In 2017 there has been a palpable sense of being on the cusp of great tech change, technologies like AI, blockchain, biometrics, quantum computing and cryptocurrencies promise transformational disruption in 2018.
Events like GDPR, PSD2 and major cybersecurity incidents have also added to a sense of tech change and importance. Enterprises across the globe are striving to achieve digital transformation, achieving major feats such as transitioning into the cloud; this widespread mindset is also contributing to a deep sense of flux.
In light of all of these things, it seems likely that at least something outrageous will happen in the world of tech in 2018, so we have compiled a selection of the most exciting, terrifying but most certainly outrageous predictions for the year ahead.
AI will know you better than your own family
Prakash Arunachalam, CIO at Servion Global Solutions, said: “In 2018, AI will slowly start to further mould the way we interact with daily technologies. Gartner even boldly predicts that in the coming years, personal devices will know more about our emotional state than our own families! As more and more user data is collected and analyzed to create better contexts, it will be a turning point for users to spend more and more time with devices such as smartphones, wearables, and PC.
“Emotional AI detects emotions (happiness, surprise, anxiousness, sadness, anger, fear and a neutral state) through voice intonations or facial expressions. This will be added to the educational software, video games, and diagnostic software to provide a much more personalized experience.”
Chetan Dube, President and CEO at IPSoft, said: “Efficiency of service is table stakes, personalisation and connection with customer will grow to be the AI differentiator. Technology is knocking on the door of linking intelligence of physical factors such as expression and tone of voice with the contextual elements of the conversation.”
Cyberattacks will kill & self-driving cars will be confused
Reuven Harrison, CTO at Tufin, said: “WannaCry is good example of this scenario as the attack took down airports, and we’ll see more of that in 2018. Other likely scenarios: people will mark up traffic signs to confuse self-driving cars, causing severe traffic and chaos on the streets – or worse, traffic accidents. SCADA attacks could turn off power and water, leaving countless people without these essential systems that are necessary for their everyday life and safety.”
DDoS to become the new identity theft
John Pescatore, Director of Emerging Security Trends at the SANS Institute, said: “Denial of service will become as financially lucrative as identity theft.
“Cybercrime has represented the majority of damaging cybersecurity incidents for the past several years. Using stolen identities for new account fraud has been the major revenue driver behind breaches. However, in recent years ransomware attacks have caused as much, if not more damage, as increased reliance on distributed applications and cloud services results in massive business damage when information, applications or systems are held hostage by attackers.”
Tech will let us live to 150
Mark Barrenechea, CEO of OpenText, said: “Using techniques like gene therapy, which modifies immune cells to fight disease (such as HIV, Alzheimer’s, and cancer), scientists are looking to manipulate our genetic makeup to slow down or even stop the aging process. As medical technologies advance, doctors will be able to cure (rather than just treat) a growing number of genetic diseases to make living to 150 a reality.”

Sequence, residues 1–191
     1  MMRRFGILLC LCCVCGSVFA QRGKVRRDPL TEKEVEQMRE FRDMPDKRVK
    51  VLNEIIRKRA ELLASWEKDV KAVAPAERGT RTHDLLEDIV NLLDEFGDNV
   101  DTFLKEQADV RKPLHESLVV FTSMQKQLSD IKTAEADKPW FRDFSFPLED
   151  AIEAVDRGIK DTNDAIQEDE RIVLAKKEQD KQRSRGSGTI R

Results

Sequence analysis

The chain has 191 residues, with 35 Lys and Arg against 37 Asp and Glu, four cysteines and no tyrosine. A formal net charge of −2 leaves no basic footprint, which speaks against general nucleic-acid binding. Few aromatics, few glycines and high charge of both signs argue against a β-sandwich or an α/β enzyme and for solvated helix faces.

“Scientists around the world are working together to build a cell atlas, which involves cataloguing 37.2 trillion cells in the human body. Each cell will be assigned a molecular signature. Technologies are coming together to make this mapping possible,” Barrenechea said.
We will be enslaved by cryptomining hackers
Hackers will cripple a mobile network
Ronald Sens, Director EMEA Marketing, A10 Networks, said: “A catastrophic attack will cripple, partially or completely, a major mobile network operator by targeting its core. Mobile network operators today focus on protecting their networks from attacks originating from outside. They defend their networks using Gi firewalls and DDoS protection appliances. This is changing, however, and now we see that attacks can also originate from inside the network.”
Blockchain will turn enemies into friends
Ian Currie, EMEA Director at Dell Boomi, said: “As a technology, blockchain will start to drive new partnering behaviours between previously bitter competitors. Next year will see the rise of different committees and consortiums of competing companies in the same industries getting together to share information over a blockchain as they realise the optimisation benefits of doing so outweigh the competitive silos. The benefits of sharing information about people and investments over a blockchain will soon become clear, and this sharing economy will become second nature to competitors.”
Apps will die
Dik Vos, CEO of SQS, said: I believe that 2018 will mark the end of an era for applications (apps). The app was very interesting to businesses and the public alike when it was a new concept. But, as thousands of apps continue to flood the market, we are going to see a more integrated system where the app is no longer separate, but integrated into our day-to-day life.
“There are quite frankly too many apps and the way we want to use them is changing. The network has become vast, access to WiFi and 4G now makes it much easier to stay connected. In 2018, we will see apps become much more integrated into one platform, as the business model for apps continues to change.
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